How Massive is the Milky Way?

Those of you who are astronomy buffs (or Colbert Report fans) may have heard the news this past January that the Milky Way is just as massive as Andromeda. Colbert even did a special on his show about "America's Galaxy."

Could this be wrong? Could we really be just about the same size? Well, an article came out today by the Italian astrophysicist, Giovanni Carlo Baiesi-Pillastrini, where a brilliant, new technique was used to test this.

Just by watching the tides on Earth, we can figure out what the gravitational tidal forces on our planet are from everything around us, including from the Earth itself. The Earth dominates everything, and that's why the oceans stay bound to our planet. But then we can look at what the external effects are, and where they come from. The Moon turns out to be the strongest, the Sun's effect is about 1/3 of the Moon's, and everything else is negligible.

Well, by looking at the outskirts of the Milky Way galaxy, we can determine what the tidal effects of both the Milky Way and Andromeda are, and figure out what their mass ratios are.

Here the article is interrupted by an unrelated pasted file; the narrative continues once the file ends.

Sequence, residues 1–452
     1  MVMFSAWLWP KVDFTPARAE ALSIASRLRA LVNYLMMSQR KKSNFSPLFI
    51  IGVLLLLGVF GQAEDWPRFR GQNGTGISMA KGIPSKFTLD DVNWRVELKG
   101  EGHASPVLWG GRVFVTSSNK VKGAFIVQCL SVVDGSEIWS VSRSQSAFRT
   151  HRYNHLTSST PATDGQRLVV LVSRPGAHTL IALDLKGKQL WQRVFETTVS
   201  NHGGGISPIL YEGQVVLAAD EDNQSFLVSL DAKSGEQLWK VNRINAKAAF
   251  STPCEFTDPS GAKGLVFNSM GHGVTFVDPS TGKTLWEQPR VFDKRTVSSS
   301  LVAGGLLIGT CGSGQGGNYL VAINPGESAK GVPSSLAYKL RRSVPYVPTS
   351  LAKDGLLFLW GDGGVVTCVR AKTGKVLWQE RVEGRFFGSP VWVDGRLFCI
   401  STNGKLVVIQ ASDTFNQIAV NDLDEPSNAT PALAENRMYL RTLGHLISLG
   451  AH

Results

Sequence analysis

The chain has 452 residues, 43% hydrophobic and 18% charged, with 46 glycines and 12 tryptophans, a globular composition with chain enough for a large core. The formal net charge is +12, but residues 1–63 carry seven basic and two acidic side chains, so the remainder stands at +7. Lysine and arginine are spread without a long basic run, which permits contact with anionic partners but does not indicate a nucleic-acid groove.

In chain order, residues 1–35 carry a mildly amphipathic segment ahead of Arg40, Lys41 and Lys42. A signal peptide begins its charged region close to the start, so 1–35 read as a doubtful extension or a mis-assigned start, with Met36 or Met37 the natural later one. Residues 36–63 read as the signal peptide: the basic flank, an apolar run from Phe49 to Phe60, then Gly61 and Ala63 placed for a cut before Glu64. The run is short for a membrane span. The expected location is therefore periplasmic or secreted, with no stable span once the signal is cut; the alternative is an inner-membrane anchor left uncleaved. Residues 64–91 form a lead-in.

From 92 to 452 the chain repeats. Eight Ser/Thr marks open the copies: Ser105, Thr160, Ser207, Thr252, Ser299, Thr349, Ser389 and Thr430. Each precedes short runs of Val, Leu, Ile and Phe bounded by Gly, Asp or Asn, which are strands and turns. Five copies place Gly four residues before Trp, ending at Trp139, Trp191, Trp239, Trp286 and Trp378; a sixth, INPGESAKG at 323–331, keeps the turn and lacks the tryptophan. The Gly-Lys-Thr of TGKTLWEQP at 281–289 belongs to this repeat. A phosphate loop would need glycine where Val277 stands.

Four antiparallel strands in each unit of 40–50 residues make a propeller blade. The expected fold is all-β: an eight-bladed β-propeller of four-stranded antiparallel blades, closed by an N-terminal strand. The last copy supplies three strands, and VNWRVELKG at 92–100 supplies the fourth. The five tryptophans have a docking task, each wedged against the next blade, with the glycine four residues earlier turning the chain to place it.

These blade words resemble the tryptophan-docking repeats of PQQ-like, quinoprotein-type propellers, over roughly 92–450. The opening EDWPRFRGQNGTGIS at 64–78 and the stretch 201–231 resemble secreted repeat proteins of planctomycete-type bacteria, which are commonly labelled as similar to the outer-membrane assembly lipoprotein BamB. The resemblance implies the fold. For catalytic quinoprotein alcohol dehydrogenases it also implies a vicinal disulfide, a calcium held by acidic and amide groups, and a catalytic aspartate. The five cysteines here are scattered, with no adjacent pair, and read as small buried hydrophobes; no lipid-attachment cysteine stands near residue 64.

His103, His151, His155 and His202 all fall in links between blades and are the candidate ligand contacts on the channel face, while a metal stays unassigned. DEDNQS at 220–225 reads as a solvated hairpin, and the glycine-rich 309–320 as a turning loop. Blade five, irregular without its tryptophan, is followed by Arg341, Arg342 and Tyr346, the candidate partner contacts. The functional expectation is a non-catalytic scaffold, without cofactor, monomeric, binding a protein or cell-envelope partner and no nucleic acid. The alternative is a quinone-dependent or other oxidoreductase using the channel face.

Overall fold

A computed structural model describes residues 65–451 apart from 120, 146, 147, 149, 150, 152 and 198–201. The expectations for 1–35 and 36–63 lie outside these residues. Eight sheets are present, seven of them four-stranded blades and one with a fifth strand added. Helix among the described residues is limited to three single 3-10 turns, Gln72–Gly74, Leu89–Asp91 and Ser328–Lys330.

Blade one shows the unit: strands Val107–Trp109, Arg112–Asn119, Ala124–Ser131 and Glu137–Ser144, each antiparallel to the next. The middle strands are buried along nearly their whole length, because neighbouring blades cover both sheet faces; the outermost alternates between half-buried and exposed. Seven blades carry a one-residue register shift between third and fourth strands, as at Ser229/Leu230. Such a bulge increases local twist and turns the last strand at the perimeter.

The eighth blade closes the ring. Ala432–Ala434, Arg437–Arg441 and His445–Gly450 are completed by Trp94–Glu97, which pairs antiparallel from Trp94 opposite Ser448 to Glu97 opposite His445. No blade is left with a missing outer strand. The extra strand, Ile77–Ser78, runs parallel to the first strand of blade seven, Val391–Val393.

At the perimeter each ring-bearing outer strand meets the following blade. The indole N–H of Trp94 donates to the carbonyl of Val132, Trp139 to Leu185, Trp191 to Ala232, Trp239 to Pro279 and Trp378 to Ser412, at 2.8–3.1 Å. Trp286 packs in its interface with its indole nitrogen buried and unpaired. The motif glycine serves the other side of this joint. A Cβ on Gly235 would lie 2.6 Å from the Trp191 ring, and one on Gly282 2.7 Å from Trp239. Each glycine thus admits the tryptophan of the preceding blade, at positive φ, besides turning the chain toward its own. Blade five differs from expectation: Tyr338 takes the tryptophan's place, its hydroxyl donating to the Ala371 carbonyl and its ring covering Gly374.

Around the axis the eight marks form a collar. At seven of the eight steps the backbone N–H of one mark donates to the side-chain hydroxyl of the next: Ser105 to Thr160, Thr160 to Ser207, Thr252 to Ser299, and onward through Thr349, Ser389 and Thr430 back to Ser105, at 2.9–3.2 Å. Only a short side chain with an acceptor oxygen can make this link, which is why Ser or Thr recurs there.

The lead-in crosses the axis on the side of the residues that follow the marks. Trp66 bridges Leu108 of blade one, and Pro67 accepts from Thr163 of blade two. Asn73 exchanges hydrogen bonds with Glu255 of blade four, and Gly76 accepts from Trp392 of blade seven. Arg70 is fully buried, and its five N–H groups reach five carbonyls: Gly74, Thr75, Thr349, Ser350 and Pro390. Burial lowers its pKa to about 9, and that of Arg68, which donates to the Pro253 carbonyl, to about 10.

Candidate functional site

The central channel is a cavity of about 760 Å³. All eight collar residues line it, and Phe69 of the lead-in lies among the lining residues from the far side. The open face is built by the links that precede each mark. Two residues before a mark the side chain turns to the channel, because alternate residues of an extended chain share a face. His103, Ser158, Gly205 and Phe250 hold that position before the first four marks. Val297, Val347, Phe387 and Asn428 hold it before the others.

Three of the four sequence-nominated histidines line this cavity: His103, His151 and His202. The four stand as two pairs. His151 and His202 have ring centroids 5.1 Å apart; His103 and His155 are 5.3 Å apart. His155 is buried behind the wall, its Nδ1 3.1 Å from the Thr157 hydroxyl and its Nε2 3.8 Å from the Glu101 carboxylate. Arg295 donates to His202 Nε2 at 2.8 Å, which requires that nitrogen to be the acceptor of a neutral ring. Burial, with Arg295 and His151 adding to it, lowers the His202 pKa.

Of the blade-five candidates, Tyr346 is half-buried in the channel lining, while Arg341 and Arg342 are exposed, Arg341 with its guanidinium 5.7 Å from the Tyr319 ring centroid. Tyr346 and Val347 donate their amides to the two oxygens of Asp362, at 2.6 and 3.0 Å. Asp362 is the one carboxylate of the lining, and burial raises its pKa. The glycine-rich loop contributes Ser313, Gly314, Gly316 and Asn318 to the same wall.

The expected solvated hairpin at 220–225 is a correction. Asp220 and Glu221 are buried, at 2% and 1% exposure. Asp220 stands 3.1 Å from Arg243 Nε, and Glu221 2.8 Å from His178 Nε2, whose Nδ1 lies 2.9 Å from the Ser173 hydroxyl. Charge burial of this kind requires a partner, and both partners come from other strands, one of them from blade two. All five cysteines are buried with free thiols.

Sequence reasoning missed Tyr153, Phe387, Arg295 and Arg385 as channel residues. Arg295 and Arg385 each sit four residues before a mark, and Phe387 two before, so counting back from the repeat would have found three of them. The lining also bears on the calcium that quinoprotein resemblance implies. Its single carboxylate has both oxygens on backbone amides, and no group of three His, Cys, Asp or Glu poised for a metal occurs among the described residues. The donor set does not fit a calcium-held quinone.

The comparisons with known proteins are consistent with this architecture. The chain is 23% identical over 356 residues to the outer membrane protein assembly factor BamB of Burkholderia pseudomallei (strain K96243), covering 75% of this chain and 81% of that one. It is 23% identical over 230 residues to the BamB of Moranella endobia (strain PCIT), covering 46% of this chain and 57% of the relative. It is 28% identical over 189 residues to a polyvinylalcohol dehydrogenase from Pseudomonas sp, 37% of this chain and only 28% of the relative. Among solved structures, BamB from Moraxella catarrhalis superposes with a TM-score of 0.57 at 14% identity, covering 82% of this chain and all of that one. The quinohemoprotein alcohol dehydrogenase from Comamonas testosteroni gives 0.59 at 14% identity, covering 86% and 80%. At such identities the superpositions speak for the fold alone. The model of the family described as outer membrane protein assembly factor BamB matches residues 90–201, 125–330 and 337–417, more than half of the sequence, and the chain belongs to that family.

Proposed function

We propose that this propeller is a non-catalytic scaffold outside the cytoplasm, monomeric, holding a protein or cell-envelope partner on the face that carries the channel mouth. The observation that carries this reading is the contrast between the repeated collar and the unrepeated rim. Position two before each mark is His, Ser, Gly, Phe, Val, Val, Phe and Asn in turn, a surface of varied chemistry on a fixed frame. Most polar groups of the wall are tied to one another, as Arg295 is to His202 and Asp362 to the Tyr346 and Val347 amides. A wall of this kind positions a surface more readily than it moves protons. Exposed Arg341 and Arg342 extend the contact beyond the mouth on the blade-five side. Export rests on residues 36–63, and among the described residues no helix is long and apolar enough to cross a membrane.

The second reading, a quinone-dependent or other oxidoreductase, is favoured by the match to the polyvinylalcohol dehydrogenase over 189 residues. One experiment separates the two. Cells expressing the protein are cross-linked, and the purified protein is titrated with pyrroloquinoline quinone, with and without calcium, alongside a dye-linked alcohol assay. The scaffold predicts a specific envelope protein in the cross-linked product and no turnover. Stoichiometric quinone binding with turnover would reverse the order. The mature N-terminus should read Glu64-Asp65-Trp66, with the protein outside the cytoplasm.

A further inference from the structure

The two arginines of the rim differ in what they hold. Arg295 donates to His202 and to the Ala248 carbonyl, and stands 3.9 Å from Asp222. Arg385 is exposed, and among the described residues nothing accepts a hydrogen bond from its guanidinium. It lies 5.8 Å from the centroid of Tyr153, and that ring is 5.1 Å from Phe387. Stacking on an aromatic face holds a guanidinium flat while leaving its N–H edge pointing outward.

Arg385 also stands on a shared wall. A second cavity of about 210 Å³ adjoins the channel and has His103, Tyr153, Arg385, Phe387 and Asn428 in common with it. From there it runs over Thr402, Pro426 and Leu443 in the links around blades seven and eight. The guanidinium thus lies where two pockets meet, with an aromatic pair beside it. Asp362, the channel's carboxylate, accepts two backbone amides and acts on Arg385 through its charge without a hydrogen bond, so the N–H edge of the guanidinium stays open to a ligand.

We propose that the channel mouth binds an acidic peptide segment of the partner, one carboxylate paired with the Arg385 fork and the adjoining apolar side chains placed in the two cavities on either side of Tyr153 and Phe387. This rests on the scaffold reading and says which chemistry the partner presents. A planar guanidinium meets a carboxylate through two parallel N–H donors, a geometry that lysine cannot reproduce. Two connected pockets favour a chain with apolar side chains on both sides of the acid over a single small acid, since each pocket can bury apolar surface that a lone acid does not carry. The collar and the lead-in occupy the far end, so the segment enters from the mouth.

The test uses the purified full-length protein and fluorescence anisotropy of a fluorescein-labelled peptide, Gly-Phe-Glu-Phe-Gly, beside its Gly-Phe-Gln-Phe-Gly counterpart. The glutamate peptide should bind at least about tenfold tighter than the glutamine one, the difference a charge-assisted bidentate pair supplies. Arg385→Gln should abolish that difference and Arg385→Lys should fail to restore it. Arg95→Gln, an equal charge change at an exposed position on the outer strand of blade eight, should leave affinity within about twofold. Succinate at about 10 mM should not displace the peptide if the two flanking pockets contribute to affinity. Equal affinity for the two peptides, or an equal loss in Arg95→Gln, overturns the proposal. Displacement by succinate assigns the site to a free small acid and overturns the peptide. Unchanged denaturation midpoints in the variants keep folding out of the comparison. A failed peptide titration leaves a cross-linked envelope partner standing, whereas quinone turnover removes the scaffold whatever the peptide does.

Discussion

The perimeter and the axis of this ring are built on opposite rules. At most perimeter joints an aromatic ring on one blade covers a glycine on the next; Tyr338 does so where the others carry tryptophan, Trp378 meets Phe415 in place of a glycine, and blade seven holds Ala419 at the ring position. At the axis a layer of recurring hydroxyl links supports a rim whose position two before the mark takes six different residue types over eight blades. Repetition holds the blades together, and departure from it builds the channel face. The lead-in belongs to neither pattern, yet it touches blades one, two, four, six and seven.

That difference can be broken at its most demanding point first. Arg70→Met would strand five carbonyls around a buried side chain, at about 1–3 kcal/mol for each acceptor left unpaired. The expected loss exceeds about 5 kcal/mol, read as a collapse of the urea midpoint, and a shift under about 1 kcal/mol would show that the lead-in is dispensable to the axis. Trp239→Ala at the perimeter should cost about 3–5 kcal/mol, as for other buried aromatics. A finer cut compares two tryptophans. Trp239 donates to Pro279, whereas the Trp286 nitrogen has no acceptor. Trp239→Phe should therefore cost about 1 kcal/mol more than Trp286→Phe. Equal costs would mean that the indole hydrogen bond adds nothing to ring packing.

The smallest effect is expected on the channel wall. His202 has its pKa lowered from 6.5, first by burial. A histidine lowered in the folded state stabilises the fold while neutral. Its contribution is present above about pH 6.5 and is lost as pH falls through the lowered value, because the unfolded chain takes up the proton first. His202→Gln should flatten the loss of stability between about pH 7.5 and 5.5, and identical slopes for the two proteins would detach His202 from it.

Know what his results are?

Andromeda is not only more massive than the Milky Way, it is (most likely) two or three times the mass of our galaxy. So no, we are not the same size as Andromeda, and one possible (and very interesting) explanation could be that Andromeda simply has more dark matter than we do! I am sure there will be more to learn about our own local group coming soon...

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Yeah! Hear that, Andromeda? So, you know that in about 3.000 million years you'll come here to bully us. Well, bring it on!

Once again, a neat post. My father, who made sure he got me up every time there was a lunar eclipse, and loved looking at the sky when we camped, would love stuff like this.

I do have to say I find Colbert's line "... and realize just how truly significant I am. I mean, those stars are so small! My hand can cover, like, a thousand of them!" made me laugh out loud.

your loser-tude is 10!

ha. made me laugh.